How does fostering affect my family?
Fostering involves the whole family and when you foster, your children foster too. Living within a fostering family can teach children vital life skills, such as patience and empathy, and many children who grow up in a fostering household go on to become foster carers themselves. However, some children can find it difficult to share their parents and belongings, or saying goodbye when a child moves on, but your Amicus supervising social worker will be there, not only for you, but also for your children. Amicus recognise the vital importance of building relationships and supporting the whole family.
There are Amicus-run groups for the children of all our foster carers, regardless of their age. Plus, there are a variety of activities and events held over the year, for the whole fostering family.
As well as your immediate family, Amicus also recognise the importance of the help you get from your greater family, friends and neighbours, and Amicus offer support in whichever way proves more helpful, either meeting with them, or by telephone.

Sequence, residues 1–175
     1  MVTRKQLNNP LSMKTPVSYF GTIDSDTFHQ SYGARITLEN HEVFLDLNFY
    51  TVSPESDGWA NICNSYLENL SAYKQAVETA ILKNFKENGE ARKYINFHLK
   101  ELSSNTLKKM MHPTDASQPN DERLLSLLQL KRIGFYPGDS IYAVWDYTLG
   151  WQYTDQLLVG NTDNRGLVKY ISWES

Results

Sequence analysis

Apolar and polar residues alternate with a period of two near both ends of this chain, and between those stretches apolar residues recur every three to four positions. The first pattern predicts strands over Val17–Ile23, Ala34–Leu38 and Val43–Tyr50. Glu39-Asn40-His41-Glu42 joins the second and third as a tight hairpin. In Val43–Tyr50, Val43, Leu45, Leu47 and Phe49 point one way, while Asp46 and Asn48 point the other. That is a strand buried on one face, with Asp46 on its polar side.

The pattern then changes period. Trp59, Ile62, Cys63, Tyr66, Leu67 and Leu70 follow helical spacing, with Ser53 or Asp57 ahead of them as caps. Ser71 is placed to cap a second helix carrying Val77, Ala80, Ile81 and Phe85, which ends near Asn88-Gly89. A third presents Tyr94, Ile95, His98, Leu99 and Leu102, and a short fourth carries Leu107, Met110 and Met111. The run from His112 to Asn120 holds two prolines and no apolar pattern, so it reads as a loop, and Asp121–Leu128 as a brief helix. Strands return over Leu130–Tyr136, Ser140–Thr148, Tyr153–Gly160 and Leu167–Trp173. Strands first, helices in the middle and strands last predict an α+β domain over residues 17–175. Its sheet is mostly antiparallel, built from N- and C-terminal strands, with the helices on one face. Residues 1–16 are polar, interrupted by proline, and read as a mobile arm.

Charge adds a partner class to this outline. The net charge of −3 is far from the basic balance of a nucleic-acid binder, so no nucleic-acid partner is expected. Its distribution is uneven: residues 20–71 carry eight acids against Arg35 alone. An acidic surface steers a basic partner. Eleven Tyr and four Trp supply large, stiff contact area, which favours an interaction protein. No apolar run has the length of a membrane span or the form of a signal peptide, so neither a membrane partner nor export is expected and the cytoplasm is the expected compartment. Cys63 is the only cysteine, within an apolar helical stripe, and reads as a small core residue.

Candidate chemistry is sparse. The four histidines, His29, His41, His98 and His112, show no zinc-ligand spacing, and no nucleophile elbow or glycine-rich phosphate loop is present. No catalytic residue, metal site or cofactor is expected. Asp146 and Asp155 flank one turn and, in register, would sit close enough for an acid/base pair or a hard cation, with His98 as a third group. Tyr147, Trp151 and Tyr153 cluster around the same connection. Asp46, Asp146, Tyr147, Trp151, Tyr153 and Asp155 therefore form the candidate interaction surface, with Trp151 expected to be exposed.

See the comprehensive section ‘Benefits & Rewards’ within ‘Why Amicus’.
“In hindsight, growing up as part of a fostering family provided a rich tapestry of formative experience. I think it fair to say if I possess any of the qualities of compassion, empathy, tolerance, patience, or understanding, they were formed in no small part by the experience of growing up in this household; as part of this ever expanding family. Amongst teenagers, whose experiences, emotional and behavioural, were often quite different to many of my other peers, and through the example of my parents and their seemingly unending patience and tolerance, I learned that there was always more to understand of any situation, before you could really hope to begin to unravel it.”
(George, Son of Foster Carer)